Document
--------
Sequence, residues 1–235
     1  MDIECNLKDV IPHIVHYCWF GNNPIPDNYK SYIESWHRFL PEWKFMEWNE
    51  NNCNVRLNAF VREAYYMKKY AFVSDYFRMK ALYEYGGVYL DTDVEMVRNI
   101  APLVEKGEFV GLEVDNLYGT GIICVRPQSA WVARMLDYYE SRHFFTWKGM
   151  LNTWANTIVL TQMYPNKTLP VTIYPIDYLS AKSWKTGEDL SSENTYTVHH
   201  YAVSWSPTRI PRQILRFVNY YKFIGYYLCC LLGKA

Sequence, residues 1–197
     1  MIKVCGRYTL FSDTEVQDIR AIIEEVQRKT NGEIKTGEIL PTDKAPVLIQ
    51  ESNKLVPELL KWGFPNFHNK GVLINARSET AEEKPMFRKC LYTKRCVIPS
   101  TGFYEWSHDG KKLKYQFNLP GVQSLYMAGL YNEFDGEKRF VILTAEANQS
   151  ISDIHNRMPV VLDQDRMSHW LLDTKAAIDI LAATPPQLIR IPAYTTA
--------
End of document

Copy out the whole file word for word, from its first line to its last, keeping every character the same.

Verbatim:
Sequence, residues 1–235
     1  MDIECNLKDV IPHIVHYCWF GNNPIPDNYK SYIESWHRFL PEWKFMEWNE
    51  NNCNVRLNAF VREAYYMKKY AFVSDYFRMK ALYEYGGVYL DTDVEMVRNI
   101  APLVEKGEFV GLEVDNLYGT GIICVRPQSA WVARMLDYYE SRHFFTWKGM
   151  LNTWANTIVL TQMYPNKTLP VTIYPIDYLS AKSWKTGEDL SSENTYTVHH
   201  YAVSWSPTRI PRQILRFVNY YKFIGYYLCC LLGKA

Sequence, residues 1–197
     1  MIKVCGRYTL FSDTEVQDIR AIIEEVQRKT NGEIKTGEIL PTDKAPVLIQ
    51  ESNKLVPELL KWGFPNFHNK GVLINARSET AEEKPMFRKC LYTKRCVIPS
   101  TGFYEWSHDG KKLKYQFNLP GVQSLYMAGL YNEFDGEKRF VILTAEANQS
   151  ISDIHNRMPV VLDQDRMSHW LLDTKAAIDI LAATPPQLIR IPAYTTA